Unfortunately, sometimes you have a puppy or dog that seems to be fearful of either one thing – or many things. If your puppy seems to be afraid of certain things, like men, kids, the vacuum, the good news is that you can change your dog’s behavior.
Lots of dog owners believe that puppies will outgrow their fears, but isn’t how it works. Your puppy needs to learn confidence and the only way they can learn that is from you. Get your puppy familiar with things that make them uncomfortable, build structure into your puppy’s life and teach obedience training. These things will help build your puppy’s confidence
Follow my step-by-step tips for helping your puppy or dog overcome fear:
- Your puppy needs to be able to lessen his fearfulness at his own pace. Never try to force a person or situation that scares your puppy. If you do this, it just confirms to the puppy that the person or situation is dangerous. Let the puppy do it on his own time.
- Start obedience training. Training show your dog that you are the leader in the relationship. If he trusts you because he views you as his strong leader he will trust that you can handle scary situations.
- Once you have been training him to sit or stay, start redirecting his focus by training the puppy in the area of the person or situation he is fearful of. Do this at a comfortable distance. Then, over a period of time, you can slowly begin to get your puppy closer to the “feared object.”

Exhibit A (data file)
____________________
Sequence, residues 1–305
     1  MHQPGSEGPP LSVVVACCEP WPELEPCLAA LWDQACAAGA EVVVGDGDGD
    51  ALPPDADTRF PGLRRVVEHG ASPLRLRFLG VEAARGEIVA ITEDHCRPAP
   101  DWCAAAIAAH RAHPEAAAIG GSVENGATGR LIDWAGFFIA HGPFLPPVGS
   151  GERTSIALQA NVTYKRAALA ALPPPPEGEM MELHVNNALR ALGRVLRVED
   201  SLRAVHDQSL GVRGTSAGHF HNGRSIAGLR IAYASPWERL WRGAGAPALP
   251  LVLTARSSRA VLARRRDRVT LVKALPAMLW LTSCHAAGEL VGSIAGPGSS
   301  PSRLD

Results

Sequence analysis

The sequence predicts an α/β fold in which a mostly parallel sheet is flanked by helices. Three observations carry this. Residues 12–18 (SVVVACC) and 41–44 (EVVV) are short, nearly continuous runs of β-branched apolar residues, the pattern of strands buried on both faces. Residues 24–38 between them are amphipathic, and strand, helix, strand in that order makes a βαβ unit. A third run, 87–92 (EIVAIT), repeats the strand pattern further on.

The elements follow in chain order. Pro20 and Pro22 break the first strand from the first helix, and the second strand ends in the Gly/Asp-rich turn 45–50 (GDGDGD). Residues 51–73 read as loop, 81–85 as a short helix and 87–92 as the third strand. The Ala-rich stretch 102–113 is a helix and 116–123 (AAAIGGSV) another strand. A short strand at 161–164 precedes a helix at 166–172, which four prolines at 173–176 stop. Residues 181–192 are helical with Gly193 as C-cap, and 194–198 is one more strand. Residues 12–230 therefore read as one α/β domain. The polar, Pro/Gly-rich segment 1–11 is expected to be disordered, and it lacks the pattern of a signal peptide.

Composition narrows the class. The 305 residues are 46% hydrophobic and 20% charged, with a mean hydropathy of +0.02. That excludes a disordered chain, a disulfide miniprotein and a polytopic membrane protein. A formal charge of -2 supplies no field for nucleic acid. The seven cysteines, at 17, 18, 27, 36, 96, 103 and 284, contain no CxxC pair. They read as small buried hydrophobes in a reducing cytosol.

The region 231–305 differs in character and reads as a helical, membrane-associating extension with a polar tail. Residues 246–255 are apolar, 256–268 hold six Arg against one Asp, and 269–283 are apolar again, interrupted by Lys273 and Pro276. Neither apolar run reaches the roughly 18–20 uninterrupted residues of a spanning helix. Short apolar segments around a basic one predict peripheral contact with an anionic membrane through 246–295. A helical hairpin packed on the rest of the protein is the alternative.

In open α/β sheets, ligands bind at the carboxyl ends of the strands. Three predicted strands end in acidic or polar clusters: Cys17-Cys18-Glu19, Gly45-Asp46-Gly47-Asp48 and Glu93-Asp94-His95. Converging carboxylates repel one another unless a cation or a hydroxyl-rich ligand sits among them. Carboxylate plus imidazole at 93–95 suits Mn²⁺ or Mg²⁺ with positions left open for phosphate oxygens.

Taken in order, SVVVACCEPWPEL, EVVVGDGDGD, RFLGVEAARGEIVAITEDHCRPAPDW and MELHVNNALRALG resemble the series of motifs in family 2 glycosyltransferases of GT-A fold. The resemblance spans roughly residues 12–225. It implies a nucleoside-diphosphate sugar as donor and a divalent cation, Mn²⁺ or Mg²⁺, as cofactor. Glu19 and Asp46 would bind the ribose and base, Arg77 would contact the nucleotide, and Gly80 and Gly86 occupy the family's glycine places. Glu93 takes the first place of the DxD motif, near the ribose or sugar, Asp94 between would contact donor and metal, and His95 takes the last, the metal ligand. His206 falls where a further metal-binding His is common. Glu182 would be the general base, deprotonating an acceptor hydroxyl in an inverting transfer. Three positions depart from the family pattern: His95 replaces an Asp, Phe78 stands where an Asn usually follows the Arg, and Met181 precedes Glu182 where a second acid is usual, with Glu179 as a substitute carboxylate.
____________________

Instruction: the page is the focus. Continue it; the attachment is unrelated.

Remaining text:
- If your puppy is afraid of a person, have the person stand a distance away from the puppy, not look at the puppy, not make a big deal of anything and toss food treats periodically to the puppy. Done repeatedly when the person is around the puppy, the puppy will begin to associate good things with the once “scary stranger.”
- It needs to be your puppy’s choice if he wants to approach his fear and if he backs off, that is okay. It takes time and patience to show your puppy that there is nothing to fear. Just as with a small child, things don’t happen immediately. You have to work with patience and understanding and do things in a gradual manner.
Sometimes it helps to think of yourself, your fears and things that make you uncomfortable. Would you want someone to force you into a situation you are afraid of? Your puppy shouldn’t be forced either. Give him time and with a little training he will come around on his own, gain confidence and lose some of that fear.
Be as comfortable with the trainer of your dog as you are the teacher of your children, and remember, “Opportunity Barks!”